Fundamental Orders of Connecticut (1639)
This document was the first written constitution in North America. Written by Puritan clergymen, The Fundamental Orders of Connecticut was adopted by the residents of Hartford, Windsor, and Wethersfield and remained the colony’s law until 1662. It was composed of a preamble and eleven orders, and named God’s requirement for “good and orderly government” to “order and dispose” of peoples’ affairs as the reason for people to “associate and conjoin” themselves into a Commonwealth. The purpose of the Commonwealth was “to maintain and preserve the liberty and purity of the Gospel of our Lord Jesus,” as well as to formulate “Laws, Rules, Orders and Decrees” to guide civil affairs.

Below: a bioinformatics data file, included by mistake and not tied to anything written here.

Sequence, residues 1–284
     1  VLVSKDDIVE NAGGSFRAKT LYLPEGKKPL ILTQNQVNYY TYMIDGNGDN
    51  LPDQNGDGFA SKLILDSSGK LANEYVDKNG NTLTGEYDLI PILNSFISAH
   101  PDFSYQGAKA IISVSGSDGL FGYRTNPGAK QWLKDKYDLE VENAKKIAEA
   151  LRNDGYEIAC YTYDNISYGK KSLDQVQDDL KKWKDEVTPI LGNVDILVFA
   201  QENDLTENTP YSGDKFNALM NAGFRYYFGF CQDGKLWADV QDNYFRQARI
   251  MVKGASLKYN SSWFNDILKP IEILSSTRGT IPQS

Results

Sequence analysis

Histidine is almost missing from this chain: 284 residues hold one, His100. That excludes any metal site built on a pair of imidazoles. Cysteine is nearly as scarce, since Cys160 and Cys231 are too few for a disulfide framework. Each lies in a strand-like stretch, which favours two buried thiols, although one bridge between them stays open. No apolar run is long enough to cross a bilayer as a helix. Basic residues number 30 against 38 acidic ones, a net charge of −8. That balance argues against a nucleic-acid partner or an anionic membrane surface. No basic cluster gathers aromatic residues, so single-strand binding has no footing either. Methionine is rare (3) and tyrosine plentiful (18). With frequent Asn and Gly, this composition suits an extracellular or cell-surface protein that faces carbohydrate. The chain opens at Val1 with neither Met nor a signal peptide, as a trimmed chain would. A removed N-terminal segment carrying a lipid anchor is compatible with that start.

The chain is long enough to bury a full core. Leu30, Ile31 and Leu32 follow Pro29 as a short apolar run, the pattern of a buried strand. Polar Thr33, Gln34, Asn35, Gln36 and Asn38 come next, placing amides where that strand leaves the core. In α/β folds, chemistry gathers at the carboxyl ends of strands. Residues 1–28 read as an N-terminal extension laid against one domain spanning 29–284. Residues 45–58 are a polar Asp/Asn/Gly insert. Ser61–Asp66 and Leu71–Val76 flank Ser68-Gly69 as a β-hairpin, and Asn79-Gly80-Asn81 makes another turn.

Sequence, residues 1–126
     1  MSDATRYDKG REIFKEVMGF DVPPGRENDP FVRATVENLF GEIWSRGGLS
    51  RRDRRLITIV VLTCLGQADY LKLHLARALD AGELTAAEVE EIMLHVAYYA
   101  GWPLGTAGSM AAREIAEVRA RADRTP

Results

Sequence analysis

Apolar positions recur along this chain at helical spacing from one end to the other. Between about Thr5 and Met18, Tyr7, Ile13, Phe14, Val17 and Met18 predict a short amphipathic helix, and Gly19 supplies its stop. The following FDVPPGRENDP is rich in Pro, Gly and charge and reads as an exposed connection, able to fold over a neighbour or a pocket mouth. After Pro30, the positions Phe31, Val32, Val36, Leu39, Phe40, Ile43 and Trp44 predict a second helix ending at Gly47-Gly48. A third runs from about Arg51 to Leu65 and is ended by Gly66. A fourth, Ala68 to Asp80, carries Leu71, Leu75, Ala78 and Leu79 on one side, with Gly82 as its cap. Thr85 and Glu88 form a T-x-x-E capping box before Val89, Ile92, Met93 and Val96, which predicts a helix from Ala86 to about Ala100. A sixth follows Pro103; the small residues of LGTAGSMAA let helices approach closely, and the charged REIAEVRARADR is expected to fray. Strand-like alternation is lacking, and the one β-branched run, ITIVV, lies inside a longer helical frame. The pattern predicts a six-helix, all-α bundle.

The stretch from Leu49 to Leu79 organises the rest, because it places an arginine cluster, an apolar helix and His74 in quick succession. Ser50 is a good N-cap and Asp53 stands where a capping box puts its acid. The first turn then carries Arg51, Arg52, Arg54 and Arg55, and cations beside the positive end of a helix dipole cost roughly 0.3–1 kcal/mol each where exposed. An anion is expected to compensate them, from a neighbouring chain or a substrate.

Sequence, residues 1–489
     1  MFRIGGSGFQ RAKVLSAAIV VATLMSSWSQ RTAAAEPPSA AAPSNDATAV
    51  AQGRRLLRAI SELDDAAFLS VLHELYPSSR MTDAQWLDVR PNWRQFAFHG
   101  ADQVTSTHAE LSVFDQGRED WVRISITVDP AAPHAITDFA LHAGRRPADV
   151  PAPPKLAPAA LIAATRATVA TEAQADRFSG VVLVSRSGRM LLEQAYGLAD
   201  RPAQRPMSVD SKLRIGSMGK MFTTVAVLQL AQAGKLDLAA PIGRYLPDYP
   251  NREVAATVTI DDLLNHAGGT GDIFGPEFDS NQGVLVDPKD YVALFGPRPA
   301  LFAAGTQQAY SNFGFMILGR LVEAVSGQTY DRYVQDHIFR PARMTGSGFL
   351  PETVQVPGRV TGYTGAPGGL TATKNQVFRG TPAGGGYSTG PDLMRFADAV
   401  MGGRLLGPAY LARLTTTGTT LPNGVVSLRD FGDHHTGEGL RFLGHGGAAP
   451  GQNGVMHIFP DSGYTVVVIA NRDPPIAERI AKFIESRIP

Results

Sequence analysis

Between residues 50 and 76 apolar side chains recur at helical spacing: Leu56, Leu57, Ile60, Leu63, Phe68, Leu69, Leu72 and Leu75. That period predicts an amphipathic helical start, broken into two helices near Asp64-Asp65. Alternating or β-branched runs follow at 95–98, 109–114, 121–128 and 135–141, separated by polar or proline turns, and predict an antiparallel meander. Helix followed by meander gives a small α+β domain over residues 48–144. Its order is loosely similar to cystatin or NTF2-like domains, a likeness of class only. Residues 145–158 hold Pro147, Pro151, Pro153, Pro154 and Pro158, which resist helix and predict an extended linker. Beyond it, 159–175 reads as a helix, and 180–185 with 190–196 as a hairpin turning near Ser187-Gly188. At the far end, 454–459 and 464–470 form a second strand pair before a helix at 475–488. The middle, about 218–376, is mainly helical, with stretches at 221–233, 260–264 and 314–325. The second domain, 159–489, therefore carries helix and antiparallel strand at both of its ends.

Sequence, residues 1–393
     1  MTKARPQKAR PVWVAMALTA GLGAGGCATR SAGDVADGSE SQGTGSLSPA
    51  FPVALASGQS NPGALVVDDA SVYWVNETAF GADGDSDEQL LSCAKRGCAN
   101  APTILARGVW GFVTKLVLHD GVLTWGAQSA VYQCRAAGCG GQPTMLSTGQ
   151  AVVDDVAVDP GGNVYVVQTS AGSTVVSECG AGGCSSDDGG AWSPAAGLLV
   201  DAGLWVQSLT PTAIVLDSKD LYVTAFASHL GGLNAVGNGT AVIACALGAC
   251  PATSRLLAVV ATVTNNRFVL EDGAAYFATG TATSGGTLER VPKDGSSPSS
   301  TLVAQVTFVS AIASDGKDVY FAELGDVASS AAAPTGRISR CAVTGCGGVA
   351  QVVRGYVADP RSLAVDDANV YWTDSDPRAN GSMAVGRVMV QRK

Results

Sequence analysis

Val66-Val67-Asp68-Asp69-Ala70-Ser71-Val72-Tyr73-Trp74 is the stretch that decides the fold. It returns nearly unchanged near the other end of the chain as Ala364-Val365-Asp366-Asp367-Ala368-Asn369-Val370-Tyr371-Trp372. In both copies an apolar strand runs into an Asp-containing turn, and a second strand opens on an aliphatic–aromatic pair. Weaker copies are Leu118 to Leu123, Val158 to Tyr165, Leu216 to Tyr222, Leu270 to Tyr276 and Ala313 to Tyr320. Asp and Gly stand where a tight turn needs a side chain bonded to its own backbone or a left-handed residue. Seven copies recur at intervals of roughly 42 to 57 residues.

The Orders provided for election of a governor and six magistrates. This body had lawmaking, executive, and judicial power. It also included guidelines for representation and paying taxes. It was followed two years later by the Massachusetts Body of Liberties.
1. What is the significance of the Fundamental Orders of Connecticut?
2. How are the ideas of the Fundamental Orders of Connecticut similar to our government today?